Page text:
SEC Filed 147 Actions Against Advisers

The Securities and Exchange Commission filed 147 enforcement actions against investment advisers and investment companies, one more than the previous year’s record number.

The SEC’s near-record total 734 actions in 2012 included more cases involving highly complex products, transactions, and practices, including those related to the financial crisis, trading platforms and market structure, and insider trading by market professionals.

The SEC also announced that it obtained orders in fiscal year 2012 requiring the payment of more than $3 billion in penalties and disgorgement for the benefit of harmed investors. It represents an 11% increase over the amount ordered last year. In the past two years, the SEC has obtained orders for $5.9 billion in penalties and disgorgement.

The SEC filed numerous actions against advisers as a result of proactive measures that identify threats early on so that action can be taken to halt the misconduct and minimize harm to investors. In 2012, several actions were the result of the division’s investment adviser compliance initiative, which looks for registered investment advisers who lack effective compliance programs designed to prevent securities laws violations.

The SEC also filed actions charging three advisory firms and six individuals as part of the Aberrational Performance Inquiry into abnormal performance returns by hedge funds. Other actions against investment advisers included cases against UBS Financial Services of Puerto Rico and two executives for misleading disclosures relating to certain proprietary closed-end mutual funds, Morgan Stanley Investment Management for an improper fee arrangement, and OppenheimerFunds for misleading investors in two funds suffering significant losses during the financial crisis. UBS paid more than $26 million to settle the SEC’s charges, while OppenheimerFunds paid more than $35 million for its violations.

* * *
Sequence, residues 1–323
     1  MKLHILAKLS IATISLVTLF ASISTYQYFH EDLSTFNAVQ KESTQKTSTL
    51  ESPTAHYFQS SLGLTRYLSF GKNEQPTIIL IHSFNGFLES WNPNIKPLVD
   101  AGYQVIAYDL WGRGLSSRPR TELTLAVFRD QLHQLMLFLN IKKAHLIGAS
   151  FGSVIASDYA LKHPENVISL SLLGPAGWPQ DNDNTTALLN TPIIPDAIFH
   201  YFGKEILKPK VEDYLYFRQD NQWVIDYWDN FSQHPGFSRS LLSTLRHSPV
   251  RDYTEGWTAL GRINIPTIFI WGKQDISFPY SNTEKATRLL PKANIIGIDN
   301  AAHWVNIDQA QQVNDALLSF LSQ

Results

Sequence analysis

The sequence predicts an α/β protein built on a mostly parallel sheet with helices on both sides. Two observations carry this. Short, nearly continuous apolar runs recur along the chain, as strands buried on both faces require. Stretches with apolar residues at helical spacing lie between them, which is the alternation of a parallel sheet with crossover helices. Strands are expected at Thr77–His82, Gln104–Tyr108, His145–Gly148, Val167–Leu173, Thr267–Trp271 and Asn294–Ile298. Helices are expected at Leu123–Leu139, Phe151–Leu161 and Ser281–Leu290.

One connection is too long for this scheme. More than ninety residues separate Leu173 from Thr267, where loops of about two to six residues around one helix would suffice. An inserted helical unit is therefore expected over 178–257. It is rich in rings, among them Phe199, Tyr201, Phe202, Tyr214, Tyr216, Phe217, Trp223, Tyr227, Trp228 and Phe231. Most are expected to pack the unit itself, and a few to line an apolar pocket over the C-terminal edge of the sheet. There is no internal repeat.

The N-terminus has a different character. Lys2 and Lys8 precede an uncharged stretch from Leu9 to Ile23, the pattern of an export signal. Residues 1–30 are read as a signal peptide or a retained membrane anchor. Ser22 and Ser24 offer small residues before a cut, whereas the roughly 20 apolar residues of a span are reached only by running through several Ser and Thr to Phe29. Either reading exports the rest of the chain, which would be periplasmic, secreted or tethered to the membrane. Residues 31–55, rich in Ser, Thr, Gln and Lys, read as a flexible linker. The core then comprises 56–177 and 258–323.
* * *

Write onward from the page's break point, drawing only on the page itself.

The agency filed 134 enforcement actions related to broker/dealers, a 19% increase over the previous year. Broker/dealer actions included charges against the New York brokerage firm Hold Brothers On-Line Investment Services and three of its executives for their roles in allowing overseas traders to access the markets and conduct manipulative trading through accounts the firm controlled. The defendants in the Hold Brothers action paid a total of $4 million to settle the SEC’s charges.

A Latvian trader and electronic trading firms were also charged for their roles in an online account intrusion scheme that manipulated the prices of more than 100 NYSE and Nasdaq securities.

“The record of performance is a testament to the professionalism and perseverance of the staff and the innovative reforms put in place over the past few years,” said Mary L. Schapiro, chairman of the SEC. “We’ve now brought more enforcement actions in each of the last two years than ever before including some of the most complex cases we’ve ever seen.”

According to Robert Khuzami, director of the SEC’s division of enforcement, it’s not a matter of simple numbers, but the increasing complexity and diversity of the cases filed that show how successful the division has been. “The intelligence, dedication and deep experience of our enforcement staff are, more than any other factors, responsible for the division’s success,” Khuzami said.

The sustained high-level performance comes two years after the division underwent a significant reorganization. The results in 2012 were aided by many of the reforms and innovations put in place in the past two years, such as increased expertise in complex and emerging financial markets, products and transactions, through enhanced training, the hiring of industry experts and the creation of specialized enforcement units focused on high-priority misconduct; a flatter management structure; streamlined and centralized processes and the improved use of information technology; and a vastly enhanced ability to collect, process and analyze tips and complaints.